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  1. Given the set of functions defined on a subset in $\mathbb{R}$ and taking values in $\mathbb{R}$, I was wondering if $O$ as in $f \in O(g)$ is a total partial order? By total, I would like to know if every two functions can be compared by $O$? Is it acting like $\geq$ on $\mathbb{R}$?
  2. How about $\Omega$, $\Theta$, $o$, $\omega$ and $\sim$? Are they acting like $\leq$, $==$, $>$, $<$ and $==$ respectively?

For definitions, see Wikipedia. Thanks and regards!

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The answers have shown this to be false, but I wonder, what if we add a constraint such as restricting to increasing functions? –  Harry Altman Apr 27 '11 at 0:36
    
@Harry Altman: You still won't have anti-symmetry: $2x=O(x)$, $x=O(2x)$, but $x\neq 2x$. –  Rasmus May 16 '11 at 20:39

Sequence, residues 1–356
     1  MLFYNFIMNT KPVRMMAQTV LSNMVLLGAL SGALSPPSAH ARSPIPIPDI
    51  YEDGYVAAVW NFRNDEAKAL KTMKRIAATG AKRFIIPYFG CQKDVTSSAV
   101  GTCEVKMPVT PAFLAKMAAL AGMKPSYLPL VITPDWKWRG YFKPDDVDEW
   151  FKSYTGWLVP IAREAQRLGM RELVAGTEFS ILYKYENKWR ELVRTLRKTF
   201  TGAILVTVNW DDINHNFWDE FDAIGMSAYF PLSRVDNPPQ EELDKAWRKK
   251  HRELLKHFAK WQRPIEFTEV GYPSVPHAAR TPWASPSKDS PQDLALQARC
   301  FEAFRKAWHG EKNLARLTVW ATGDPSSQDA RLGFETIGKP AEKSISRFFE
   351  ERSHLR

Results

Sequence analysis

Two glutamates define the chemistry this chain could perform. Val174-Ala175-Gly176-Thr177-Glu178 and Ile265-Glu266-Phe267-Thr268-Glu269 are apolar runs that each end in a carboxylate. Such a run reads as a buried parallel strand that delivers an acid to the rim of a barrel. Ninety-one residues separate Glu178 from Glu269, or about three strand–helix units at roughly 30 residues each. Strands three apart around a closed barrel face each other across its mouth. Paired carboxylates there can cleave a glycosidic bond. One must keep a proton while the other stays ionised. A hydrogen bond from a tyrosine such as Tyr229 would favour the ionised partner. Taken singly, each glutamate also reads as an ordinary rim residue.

Well, yes, but that's obvious. I'm wondering about totality. –  Harry Altman May 16 '11 at 21:36

2 Answers 2

up vote 13 down vote accepted

It is not a partial order since you don't have anti-symmetry: $f\in O(g)$ and $g\in O(f)$ does not imply $f=g$.

When you identify functions which are equivalent in that sense, you end up with a partial order (reflexivity and transitivity are obvious), but this this will not be a total order: for instance, $\sin(x)$ and $\cos(x)$ are not comparable.

Summing up, $O$ only defines a preorder on the set of functions from $\mathbb R$ to $\mathbb R$.

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None of those is a total order.
Take $f(n)=\begin{cases} n & \text{n odd}\\ n^2 &\text{n even}\end{cases}$
$g(n)=\begin{cases} n^2 & \text{n odd}\\ n &\text{n even}\end{cases}$

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